Crigler-Najjar Syndrome

Crigler-Najjar syndrome is a rare genetic condition that occurs when your liver can’t break down bilirubin (a substance created by red blood cells). Children with this condition have jaundice, where their skin appears yellow. Some symptoms are life-threatening and cause irreversible brain damage if left untreated.


What is Crigler-Najjar syndrome?

High levels of toxic bilirubin in your blood cause Crigler-Najjar syndrome, a rare genetic condition. Bilirubin is a substance that forms when red blood cells reach the end of their lifespan. Your liver breaks down bilirubin from a toxic substance to a nontoxic substance that you get rid of in your stool. If you’re diagnosed with Crigler-Najjar syndrome, your liver can’t break down bilirubin and it collects in your blood. As a result, Crigler-Najjar syndrome can cause life-threatening symptoms if left untreated.

What are the types of Crigler-Najjar syndrome?

There are two types of Crigler-Najjar syndrome:

  • Type 1 (CN1): Crigler-Najjar syndrome type 1 is very severe and life-threatening. Most children diagnosed with this condition don’t survive past childhood from complications of the condition.
  • Type 2 (CN2): Crigler-Najjar syndrome type 2 is less severe than type 1. Children diagnosed with type 2 have a normal life expectancy due to mild symptoms.


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Who does Crigler-Najjar syndrome affect?

Crigler-Najjar syndrome can affect anyone, as it is a genetic condition. You can inherit the condition from your parents during conception if they both give you a copy of the UGT1A1 mutated gene (autosomal recessive). If only one parent passes the mutated gene onto you, the mutation could cause a less severe syndrome called Gilbert’s syndrome.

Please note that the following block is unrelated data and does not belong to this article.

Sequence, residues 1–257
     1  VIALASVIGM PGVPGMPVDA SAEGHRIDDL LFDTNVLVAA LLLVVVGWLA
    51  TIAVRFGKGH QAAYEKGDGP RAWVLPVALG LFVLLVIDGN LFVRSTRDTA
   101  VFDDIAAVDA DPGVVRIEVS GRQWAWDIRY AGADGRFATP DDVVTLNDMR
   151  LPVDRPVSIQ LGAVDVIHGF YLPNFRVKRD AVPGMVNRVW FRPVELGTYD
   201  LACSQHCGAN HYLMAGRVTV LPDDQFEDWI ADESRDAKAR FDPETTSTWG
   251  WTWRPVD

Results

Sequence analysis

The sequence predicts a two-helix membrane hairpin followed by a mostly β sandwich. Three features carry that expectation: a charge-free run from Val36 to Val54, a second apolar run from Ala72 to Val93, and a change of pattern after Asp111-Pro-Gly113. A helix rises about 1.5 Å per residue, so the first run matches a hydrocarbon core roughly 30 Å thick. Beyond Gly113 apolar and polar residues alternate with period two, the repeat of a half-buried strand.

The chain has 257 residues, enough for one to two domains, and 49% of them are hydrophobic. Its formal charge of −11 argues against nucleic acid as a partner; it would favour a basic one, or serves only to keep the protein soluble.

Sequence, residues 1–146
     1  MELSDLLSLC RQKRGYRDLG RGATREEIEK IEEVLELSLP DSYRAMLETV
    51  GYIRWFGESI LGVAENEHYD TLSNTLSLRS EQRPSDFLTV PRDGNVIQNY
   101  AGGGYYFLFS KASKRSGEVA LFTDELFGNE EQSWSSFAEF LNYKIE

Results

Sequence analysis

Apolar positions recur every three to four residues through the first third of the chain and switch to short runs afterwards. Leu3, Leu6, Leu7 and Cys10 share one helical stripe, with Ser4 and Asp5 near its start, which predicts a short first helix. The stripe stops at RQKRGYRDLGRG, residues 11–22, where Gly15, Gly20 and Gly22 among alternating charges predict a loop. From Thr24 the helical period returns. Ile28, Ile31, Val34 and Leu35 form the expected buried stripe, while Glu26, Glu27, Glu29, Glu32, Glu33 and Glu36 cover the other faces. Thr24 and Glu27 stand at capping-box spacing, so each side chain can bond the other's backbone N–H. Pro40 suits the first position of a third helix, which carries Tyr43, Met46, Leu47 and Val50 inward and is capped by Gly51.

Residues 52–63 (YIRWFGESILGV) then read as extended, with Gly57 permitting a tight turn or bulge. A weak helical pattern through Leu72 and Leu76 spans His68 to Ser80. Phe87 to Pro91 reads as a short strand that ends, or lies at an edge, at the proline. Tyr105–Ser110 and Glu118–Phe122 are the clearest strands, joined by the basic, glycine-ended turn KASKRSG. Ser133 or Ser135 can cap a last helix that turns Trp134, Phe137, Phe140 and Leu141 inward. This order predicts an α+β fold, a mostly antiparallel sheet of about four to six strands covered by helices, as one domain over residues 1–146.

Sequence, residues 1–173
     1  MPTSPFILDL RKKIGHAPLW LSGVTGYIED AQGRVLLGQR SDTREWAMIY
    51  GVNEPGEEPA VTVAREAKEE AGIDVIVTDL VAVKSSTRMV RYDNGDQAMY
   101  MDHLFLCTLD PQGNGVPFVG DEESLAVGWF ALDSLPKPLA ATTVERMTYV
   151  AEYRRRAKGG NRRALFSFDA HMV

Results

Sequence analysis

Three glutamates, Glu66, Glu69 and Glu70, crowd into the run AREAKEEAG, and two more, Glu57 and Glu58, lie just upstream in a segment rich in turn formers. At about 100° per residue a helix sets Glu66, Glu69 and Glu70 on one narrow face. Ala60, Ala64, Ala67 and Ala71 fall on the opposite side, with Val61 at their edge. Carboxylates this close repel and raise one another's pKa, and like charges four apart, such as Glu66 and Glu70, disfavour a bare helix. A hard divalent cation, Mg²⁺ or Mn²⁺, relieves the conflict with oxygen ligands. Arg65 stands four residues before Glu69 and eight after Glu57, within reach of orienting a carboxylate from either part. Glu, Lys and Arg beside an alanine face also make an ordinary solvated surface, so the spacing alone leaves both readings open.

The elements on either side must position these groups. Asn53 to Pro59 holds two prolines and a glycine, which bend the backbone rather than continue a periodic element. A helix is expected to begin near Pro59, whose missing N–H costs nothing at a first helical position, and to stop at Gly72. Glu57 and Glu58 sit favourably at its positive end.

How common is Crigler-Najjar syndrome?

Crigler-Najjar syndrome is rare and affects less than 1 in 1 million newborns across the world.


How does Crigler-Najjar syndrome affect my child’s body?

Your child will likely experience jaundice, where their skin and the whites of their eyes turn yellow. This is a symptom of the condition caused by their liver not working effectively. Jaundice is common among newborns, but children diagnosed with Crigler-Najjar syndrome will have jaundice longer than children who don’t have the condition.

Crigler-Najjar syndrome can cause life-threatening symptoms. If there’s too much bilirubin in your child’s body, it can cause irreversible brain damage. Your child’s healthcare provider will offer a treatment plan that’s unique to their symptoms to prevent life-threatening consequences of the condition.

Symptoms and Causes

What are the symptoms of Crigler-Najjar syndrome?

Symptoms of Crigler-Najjar syndrome range in severity based on the type, with type 1 being the most severe. Newborns with Crigler-Najjar syndrome will experience jaundice, where they have a yellow tint to their skin and eyes. It’s common for newborns to experience jaundice because their livers aren’t fully developed. This normally resolves during the first week of life. Children with Crigler-Najjar syndrome have persistent jaundice beyond the newborn period.



If there’s too much bilirubin in their brain, nerves and tissues, children diagnosed with Crigler-Najjar syndrome experience symptoms of kernicterus. Kernicterus causes brain damage and is life-threatening. These symptoms normally appear after one month or into early childhood. These symptoms can also occur later in life if treatment for Crigler-Najjar syndrome stops or another illness interrupts treatment progress.

Mild symptoms of kernicterus include:

  • Clumsiness.
  • Muscle spasms.
  • Problems with sensory perception.
  • Trouble with fine motor skills (grasping objects, fastening buttons).